• Providers will be required to submit documents to substantiate that the Provider Relief Funds were used for increased healthcare-related expenses or lost revenue attributable to coronavirus and that those expenses or losses were not reimbursed from other sources and other sources were not obligated to reimburse them. HHS released a notice on July 20, 2020 definitively indicating that providers receiving payments in excess of $10,000 total will be subject to future reporting requirements.  Detailed instructions will be released by HHS by August 17, 2020, but are not yet available.  A reporting system will become available on October 1, 2020, with initial reports on expenditures due within 45 days of December 31, 2020.
  • The terms and conditions indicate that providers who receive $150,000 or more in aggregate coronavirus funding are subject to additional quarterly reporting requirements (per section 15011 of the CARES Act). HHS is meeting these quarterly reporting requirements on behalf of providers who are subject to them at this time.  However, these providers will still be required to submit future reports substantiating use of funds, details of which are forthcoming.


HoganTaylor is advising clients to exercise caution in utilizing this funding and to ensure compliance with the terms and conditions.  This funding is a great “safety net” for providers who face uncertainty in their profitability or who may incur increased costs due to COVID in the coming months.  HoganTaylor is closely monitoring new developments on this topic.  Please reach out to a HoganTaylor business advisor if your organization needs assistance applying for or complying with the terms and conditions of this funding.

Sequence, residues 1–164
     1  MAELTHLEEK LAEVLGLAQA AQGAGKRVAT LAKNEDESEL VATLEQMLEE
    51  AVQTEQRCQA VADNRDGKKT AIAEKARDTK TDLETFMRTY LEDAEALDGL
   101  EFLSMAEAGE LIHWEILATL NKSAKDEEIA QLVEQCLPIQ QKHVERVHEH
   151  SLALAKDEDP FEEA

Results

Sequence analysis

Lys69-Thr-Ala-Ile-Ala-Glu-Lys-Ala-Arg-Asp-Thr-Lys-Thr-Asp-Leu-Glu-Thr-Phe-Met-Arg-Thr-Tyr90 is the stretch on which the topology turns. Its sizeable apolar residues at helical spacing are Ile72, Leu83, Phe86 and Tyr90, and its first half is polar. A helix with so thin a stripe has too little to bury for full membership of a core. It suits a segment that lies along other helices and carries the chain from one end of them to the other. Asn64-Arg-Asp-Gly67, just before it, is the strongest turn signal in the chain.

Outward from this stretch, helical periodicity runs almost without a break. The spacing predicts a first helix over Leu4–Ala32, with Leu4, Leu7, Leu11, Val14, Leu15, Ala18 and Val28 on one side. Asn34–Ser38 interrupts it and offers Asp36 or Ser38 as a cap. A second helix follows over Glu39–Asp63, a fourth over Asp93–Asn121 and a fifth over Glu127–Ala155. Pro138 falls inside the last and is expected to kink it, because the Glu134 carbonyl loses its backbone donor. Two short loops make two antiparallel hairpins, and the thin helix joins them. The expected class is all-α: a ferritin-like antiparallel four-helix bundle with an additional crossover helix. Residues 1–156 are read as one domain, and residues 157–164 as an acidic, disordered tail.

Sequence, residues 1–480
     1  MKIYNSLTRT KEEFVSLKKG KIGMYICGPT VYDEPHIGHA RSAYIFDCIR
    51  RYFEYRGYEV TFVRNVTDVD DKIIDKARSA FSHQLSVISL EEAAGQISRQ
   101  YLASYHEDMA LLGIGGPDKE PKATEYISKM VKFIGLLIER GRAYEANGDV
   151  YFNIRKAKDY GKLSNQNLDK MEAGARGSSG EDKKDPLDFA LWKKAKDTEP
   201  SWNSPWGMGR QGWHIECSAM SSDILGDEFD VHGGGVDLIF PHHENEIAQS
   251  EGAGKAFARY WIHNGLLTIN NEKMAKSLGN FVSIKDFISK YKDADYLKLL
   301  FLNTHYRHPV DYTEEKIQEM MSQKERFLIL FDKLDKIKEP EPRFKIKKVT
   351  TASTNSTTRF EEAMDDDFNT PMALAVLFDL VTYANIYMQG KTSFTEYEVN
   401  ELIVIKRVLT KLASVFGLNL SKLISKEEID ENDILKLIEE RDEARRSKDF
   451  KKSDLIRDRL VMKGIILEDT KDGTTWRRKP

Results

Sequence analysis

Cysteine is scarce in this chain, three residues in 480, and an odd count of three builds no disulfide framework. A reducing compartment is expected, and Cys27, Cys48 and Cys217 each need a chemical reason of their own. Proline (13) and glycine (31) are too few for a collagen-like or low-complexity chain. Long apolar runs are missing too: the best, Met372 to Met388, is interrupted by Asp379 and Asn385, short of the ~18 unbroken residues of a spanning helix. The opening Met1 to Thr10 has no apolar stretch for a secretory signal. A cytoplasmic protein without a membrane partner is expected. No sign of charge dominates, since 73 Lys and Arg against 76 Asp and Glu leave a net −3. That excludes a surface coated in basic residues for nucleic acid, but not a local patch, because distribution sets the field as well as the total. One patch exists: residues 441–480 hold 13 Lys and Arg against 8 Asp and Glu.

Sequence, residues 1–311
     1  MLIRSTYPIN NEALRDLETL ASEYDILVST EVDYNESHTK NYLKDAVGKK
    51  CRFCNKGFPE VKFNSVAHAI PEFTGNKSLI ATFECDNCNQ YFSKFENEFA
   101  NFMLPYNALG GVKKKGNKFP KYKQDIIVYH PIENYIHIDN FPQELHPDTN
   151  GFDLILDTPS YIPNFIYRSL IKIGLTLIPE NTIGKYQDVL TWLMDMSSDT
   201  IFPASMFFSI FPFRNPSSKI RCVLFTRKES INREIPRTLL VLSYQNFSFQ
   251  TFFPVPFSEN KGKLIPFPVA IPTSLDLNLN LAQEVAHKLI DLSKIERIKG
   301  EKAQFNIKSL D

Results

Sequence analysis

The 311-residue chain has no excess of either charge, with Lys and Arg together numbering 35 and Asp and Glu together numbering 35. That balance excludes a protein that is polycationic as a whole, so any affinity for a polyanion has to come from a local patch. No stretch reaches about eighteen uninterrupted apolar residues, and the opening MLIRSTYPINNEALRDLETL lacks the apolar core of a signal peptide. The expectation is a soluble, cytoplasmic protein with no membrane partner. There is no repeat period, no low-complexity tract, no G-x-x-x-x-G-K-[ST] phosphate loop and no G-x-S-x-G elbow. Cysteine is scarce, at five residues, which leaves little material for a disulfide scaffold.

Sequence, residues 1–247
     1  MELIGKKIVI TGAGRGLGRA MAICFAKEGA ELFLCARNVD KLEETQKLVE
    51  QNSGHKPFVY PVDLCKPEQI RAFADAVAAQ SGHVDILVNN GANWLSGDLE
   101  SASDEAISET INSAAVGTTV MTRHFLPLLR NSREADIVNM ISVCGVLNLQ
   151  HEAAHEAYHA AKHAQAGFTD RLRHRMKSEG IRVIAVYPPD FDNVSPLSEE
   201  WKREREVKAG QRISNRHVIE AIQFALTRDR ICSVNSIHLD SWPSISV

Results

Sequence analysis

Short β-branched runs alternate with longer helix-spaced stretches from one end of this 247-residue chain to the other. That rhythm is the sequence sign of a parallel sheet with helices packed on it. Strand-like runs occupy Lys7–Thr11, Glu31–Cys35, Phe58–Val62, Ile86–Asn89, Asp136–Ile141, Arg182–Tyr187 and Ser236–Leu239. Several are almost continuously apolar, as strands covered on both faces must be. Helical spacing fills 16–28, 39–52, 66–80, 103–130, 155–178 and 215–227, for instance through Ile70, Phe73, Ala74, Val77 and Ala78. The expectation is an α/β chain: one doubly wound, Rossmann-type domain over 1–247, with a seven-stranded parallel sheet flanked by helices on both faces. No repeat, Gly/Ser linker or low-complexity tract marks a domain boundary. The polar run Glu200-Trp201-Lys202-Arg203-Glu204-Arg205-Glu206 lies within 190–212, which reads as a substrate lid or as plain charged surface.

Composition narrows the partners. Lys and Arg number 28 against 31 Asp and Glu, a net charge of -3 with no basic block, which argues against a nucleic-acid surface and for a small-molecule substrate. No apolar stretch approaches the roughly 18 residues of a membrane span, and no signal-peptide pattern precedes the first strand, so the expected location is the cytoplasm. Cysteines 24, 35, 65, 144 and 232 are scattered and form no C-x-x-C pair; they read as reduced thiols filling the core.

INFORMATIONAL PURPOSE ONLY. This content is for informational purposes only. This content does not constitute professional advice and should not be relied upon by you or any third party, including to operate or promote your business, secure financing or capital in any form, obtain any regulatory or governmental approvals, or otherwise be used in connection with procuring services or other benefits from any entity. Before making any decision or taking any action, you should consult with professional advisors.